I'm yet to see Dune and oddly don't feel particularly compelled to. I've always meant to read the novel before watching the Lynch film and have so far done neither. While that is clearly an issue, I've also fallen out of love with Villeneuve's work a bit. I re-watched both Arrival and Blade Runner 2049 in recent months and, while they are spectacular in some respects, they are also a little clunky. For all they look incredible, they are both surprisingly quite weighed down with clunky exposition that prevents them from being masterpieces. On first viewing, I thought BR2049 enriched the original Blade Runner, but second time around I was left feeling a little flat. All of the rich religious subtext I'd gotten excited about in the cinema just didn't seem all that interesting. Arrival bowled me over emotionally the first time I saw it, but much of its cleverness was down to the way the narrative unfolds. Its remarkable that Villeneuve made a film about language so visually arresting and Amy Adams is phenomenal in it, but there's just something lacking. Its hard to put a finger on what exactly. Something about your Dune review kind of nailed it for me even though I've not seen that specific film. It makes me wonder whether Prisoners was his best film all along. All of this has made me really want to finally grab a copy of the novel anyway, so that's something!

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Hey that first Dharmanaut guided meditation is a gem, thanks for making that available.

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An alternate title for this could be Dune of the Dead...Dude?

Meta-jokes aside, I had similar feels about Dune. Technically astounding. Emotionally sparse. All the king's money and talent can't breathe life into a remake of a remake of a never-to-be Jodorowsky’s fever dream live-action take on a literary work. Imagine if Villeneuve imagined a film more true to Jodorowsky. THAT would have been amazing. Alas, profit before profundity is our cult.

I mean, the loop we are caught in isn't even strange. Micro to Macro, it's predictable. Boring. The earworm of Empire pervades our stories, pursuits, and meaning-making. Even Herbert's imagination was bound to it.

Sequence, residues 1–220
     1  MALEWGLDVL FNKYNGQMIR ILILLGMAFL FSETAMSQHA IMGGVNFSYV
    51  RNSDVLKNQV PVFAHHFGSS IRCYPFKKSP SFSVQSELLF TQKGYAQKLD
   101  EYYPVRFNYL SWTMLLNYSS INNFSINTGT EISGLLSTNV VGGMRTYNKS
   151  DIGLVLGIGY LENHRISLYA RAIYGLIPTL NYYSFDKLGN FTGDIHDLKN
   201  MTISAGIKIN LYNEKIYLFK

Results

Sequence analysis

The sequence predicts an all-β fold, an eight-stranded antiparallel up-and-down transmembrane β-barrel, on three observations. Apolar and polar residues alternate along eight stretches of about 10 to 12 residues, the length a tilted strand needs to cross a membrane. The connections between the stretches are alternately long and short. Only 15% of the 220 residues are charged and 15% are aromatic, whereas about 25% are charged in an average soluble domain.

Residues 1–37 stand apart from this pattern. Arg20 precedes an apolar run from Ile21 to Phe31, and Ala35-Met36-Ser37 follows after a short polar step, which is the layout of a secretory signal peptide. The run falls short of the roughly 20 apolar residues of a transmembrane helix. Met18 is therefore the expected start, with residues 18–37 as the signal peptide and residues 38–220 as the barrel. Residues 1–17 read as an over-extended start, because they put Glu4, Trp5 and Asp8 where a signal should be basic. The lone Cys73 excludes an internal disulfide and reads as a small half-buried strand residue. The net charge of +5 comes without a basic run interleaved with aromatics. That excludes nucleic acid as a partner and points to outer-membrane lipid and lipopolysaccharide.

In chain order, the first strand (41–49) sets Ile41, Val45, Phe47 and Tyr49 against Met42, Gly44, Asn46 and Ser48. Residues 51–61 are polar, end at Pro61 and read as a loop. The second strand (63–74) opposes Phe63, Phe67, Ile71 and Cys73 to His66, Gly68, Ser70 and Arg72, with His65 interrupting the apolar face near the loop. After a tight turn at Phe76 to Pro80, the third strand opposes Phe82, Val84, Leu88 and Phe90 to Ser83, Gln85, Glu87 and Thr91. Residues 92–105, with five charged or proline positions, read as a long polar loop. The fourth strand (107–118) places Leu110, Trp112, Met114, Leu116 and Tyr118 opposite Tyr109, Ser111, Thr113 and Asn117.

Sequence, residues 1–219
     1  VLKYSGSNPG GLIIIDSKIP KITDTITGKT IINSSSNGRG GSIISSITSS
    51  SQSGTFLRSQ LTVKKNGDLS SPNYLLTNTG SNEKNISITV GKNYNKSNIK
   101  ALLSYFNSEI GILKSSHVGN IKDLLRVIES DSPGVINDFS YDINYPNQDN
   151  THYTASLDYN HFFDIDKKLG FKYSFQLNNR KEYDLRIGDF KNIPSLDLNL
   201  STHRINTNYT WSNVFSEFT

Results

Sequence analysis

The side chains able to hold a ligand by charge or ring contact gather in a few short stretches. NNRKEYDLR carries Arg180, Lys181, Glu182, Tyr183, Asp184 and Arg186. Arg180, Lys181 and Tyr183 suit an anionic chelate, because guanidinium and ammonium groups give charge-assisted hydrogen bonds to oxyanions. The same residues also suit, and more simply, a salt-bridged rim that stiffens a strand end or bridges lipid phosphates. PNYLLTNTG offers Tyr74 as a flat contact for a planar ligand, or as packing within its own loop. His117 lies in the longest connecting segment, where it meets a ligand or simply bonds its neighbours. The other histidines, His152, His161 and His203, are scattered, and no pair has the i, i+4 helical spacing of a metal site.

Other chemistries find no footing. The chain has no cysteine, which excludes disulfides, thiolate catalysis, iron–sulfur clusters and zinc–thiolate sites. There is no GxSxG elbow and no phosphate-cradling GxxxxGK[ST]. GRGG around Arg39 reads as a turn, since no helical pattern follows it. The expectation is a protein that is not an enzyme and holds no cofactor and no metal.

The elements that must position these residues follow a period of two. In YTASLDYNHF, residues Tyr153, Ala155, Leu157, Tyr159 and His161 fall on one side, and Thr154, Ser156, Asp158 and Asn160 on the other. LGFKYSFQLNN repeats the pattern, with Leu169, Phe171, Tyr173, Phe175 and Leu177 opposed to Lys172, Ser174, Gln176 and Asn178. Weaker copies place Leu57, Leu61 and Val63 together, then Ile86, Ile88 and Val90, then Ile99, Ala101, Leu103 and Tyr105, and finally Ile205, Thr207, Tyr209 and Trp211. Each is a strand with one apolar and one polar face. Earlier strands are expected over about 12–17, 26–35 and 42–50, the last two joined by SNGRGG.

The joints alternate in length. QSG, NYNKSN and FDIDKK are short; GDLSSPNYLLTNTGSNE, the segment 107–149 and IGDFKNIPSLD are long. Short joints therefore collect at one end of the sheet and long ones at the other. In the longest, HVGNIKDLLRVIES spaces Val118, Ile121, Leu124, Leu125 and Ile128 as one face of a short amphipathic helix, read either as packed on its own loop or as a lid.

As far as the Dead are concerned, I can't relate beyond my ghost-dad's brags of limousine rides with Garcia after performances... Yeah, there's definitely some meta to unpack there.

Yikes. It's easy to be critical. Especially as a societal bummer-accounting fellow grizzled "Gen X dude". It's harder to unflatten my imagination. I'm chronically caught beginning to begin to write stories that break the binary ouroboros-fractal Imperial Hero-Savior echo Journey. Do some already exist? If so, might you have some suggestions for this tragically underread guy?

Let me end on a Grateful note: I appreciate your words and look forward to your gestating book.

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Thanks for breaking the ice on saying that DUNE, while faithful and gorgeous, lacked something essential. Can't love it the way I wanted to on two viewings in the cramped sietch of IMAX. I find myself rooting for the Dunatics on YouTube who are salivating over all their favorite moments and scenes that will, of course, be there in the 8-hour extended edition. Can't count on that, nor on the second half redeeming the first, although that is a currently possible future I espy. Stay tuned to https://www.imdb.com/title/tt15239678/ to find out whether/who will play Shaddam, Irulan, Feyd, what the Navigators look like, etc.

I did notice more flashes of interiority than you mention; just that, premonitory visions that flash, disembodied voices (thematically important obtrusions of Bene Gesserit collective unconscious) and the like; hard to read unless you are willing the movie to be its deepest self. The clearest representation of Paul's awareness of multiple futurities are the Jamis sequences: he would be Paul's desert mentor, except that he cannot be, so some of Paul's grasp of Fremen Dune-smarts come from these memories of precluded futures. Moving moment in the book is when Paul sees a future when Jamis kills him in the Amtal Rule combat: Jamis takes Paul's hand as he dies, signaling his respect for a worth opponent. In the movie, Paul takes Jamis' hand when the positions are reversed, although it now just signifies Paul paying respect in farewell to his mentor.

I'd love to see DUDE. Beer is the mind-killer?

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